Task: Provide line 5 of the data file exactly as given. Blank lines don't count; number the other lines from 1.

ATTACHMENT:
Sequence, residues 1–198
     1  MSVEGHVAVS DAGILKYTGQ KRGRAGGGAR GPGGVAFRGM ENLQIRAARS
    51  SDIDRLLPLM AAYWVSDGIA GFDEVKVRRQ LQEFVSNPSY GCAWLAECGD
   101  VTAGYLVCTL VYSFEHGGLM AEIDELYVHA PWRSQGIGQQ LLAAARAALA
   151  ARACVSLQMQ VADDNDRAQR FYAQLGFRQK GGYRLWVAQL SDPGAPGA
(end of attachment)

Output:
   151  ARACVSLQMQ VADDNDRAQR FYAQLGFRQK GGYRLWVAQL SDPGAPGA